State and school district employees now get paid parental leave
Delaware state employees became eligible for paid family leave Monday.
The state’s new paid parental leave law gives executive branch state employees and school district employees 12 weeks of paid, job-protected leave within a year of the birth or adoption of their child under the age of six. Employees must work for the state full-time for more than a year before they become eligible for the benefit.
When the law was signed, state officials said it made Delaware the sixth state in the country to offer paid parental leave.
“The paid parental leave gives our educators and state workers the time at home in order to recover from a childbirth and to care for and bond with their newborn or their newly adopted children,” said Delaware State Education Association (DSEA) President Stephanie Ingram.
Shelley Meadowcroft of DSEA says before the new law went into effect, Delaware educators relied mostly on accrued sick days and unpaid parental leave through the federal Family and Medical Leave Act.
“This is huge for us,” said Meadowcroft. “Because you have to bank the sick leave to use it, and you hope that you don’t get sick yourself of a family member doesn’t get sick. ”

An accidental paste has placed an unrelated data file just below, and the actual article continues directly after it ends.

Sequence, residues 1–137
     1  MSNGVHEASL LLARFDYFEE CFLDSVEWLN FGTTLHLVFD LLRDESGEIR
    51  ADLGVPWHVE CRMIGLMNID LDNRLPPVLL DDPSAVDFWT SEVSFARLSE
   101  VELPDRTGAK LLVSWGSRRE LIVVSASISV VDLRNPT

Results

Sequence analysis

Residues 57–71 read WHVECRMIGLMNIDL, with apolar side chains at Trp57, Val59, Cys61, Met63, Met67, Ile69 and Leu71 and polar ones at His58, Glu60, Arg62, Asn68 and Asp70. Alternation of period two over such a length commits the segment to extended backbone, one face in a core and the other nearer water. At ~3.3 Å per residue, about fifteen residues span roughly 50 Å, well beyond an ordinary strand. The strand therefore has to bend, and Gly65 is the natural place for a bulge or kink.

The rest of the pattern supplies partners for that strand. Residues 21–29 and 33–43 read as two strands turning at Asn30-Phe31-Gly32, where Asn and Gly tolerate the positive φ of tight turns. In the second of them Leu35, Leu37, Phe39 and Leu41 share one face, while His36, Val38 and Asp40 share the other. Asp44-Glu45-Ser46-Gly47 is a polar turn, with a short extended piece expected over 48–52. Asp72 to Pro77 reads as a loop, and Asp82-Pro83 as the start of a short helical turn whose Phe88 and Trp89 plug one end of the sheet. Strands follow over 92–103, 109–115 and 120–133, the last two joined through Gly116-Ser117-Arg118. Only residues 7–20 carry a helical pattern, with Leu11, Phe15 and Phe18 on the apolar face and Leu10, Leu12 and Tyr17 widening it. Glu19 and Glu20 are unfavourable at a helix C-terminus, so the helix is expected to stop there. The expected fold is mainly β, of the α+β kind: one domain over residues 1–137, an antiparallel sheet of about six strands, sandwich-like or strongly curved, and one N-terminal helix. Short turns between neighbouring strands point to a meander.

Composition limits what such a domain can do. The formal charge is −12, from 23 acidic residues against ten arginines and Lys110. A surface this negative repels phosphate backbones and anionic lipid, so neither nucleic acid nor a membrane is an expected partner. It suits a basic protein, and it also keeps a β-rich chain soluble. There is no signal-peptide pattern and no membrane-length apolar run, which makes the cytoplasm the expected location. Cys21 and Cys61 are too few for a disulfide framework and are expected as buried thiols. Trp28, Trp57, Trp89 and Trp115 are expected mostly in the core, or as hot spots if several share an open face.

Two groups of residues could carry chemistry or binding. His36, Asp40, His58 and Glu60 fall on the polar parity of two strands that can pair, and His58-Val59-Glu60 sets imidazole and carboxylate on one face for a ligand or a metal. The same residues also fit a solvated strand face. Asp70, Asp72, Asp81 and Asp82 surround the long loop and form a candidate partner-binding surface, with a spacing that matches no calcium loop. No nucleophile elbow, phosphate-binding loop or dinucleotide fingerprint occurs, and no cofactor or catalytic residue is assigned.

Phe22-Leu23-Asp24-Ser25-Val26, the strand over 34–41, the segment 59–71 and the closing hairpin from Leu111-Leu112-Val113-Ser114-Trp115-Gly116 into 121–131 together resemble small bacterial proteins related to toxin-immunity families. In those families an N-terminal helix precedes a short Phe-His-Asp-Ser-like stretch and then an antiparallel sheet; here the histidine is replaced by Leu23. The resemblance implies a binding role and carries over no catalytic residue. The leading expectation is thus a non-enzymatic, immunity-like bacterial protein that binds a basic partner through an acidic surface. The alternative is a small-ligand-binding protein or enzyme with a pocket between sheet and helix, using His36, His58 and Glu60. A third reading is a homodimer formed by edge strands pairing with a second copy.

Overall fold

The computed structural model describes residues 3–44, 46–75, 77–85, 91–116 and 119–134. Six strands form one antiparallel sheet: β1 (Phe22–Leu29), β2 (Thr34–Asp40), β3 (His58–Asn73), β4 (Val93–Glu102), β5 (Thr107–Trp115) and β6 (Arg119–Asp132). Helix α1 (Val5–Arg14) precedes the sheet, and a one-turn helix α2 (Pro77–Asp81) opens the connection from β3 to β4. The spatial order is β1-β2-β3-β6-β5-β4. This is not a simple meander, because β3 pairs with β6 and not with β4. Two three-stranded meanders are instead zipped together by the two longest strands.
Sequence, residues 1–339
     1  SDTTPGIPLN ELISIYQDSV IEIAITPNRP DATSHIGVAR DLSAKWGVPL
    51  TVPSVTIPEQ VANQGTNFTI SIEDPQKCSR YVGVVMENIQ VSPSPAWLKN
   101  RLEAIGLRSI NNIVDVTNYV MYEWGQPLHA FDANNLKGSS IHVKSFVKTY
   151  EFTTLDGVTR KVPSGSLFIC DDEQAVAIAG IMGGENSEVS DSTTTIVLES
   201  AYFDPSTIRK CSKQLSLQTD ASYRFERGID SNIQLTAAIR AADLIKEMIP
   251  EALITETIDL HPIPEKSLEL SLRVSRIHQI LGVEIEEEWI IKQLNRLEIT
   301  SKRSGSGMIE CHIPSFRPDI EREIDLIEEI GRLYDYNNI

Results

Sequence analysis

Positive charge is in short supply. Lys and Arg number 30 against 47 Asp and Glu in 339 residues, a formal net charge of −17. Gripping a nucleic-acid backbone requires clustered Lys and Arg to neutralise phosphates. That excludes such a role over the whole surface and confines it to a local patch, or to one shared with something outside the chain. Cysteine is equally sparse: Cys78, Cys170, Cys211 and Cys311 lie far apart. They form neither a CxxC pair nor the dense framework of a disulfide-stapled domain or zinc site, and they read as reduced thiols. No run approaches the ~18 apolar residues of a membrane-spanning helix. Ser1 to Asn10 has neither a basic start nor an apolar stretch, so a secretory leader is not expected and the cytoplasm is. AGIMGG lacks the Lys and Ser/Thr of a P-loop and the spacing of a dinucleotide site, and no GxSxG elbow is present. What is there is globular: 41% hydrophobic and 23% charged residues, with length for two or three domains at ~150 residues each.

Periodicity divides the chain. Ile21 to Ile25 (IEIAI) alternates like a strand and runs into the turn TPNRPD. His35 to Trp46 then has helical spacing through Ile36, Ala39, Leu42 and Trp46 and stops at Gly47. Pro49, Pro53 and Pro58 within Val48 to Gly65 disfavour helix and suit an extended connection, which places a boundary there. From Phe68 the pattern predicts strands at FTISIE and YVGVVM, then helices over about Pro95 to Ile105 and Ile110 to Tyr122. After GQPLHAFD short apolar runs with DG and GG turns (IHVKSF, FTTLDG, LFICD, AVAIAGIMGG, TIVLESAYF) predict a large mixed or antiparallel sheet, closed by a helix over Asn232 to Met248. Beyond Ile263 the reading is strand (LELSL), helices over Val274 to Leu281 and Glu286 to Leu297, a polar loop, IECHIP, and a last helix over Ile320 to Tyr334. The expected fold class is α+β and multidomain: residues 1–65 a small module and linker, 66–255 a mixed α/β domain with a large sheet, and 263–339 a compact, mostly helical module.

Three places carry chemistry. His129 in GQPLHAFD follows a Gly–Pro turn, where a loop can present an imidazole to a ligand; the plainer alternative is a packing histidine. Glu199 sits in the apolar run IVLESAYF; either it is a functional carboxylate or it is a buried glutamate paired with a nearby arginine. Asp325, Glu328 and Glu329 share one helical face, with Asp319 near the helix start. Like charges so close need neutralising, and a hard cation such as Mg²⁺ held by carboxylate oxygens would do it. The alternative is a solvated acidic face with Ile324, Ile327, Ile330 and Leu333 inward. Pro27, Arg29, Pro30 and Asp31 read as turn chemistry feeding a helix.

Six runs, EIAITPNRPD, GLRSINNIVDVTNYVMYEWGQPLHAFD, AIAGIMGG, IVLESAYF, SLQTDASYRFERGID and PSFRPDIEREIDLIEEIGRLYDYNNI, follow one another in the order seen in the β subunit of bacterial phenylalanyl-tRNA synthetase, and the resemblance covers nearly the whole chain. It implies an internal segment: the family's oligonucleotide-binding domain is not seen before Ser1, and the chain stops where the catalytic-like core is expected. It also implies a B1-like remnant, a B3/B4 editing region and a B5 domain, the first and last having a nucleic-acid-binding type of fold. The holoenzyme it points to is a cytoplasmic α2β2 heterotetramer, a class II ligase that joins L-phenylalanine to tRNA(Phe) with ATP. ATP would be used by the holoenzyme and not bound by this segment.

Meadowcroft adds that the paid leave may help a new parent save their sick days for another critical time. “If the child gets sick later on in the year, [the parent] can use their own sick leave for that time, instead of using it just for the birth of their child,” she said.
Prior to the paid parental leave benefit, state and school district employees could also use accrued vacation days or short term disability for parental leave, according to officials with the state Office of Management and Budget.
DSEA’s Ingram says paid parental leave helps take finances out of the equation for potential parents.
“Can we afford to have a child? Or even another child? It kind of takes that question off the table,” said Ingram. “This means that our members no longer have to make a choice between the health of their families and their careers.”
Other advocates say paid parental leave could help in recruitment and retention of educators and state workers and is good for the health of their children.
State officials estimate that roughly 1,000 babies are born to state and school district employees each year. The new law is expected to cost the state around $4 million next fiscal year.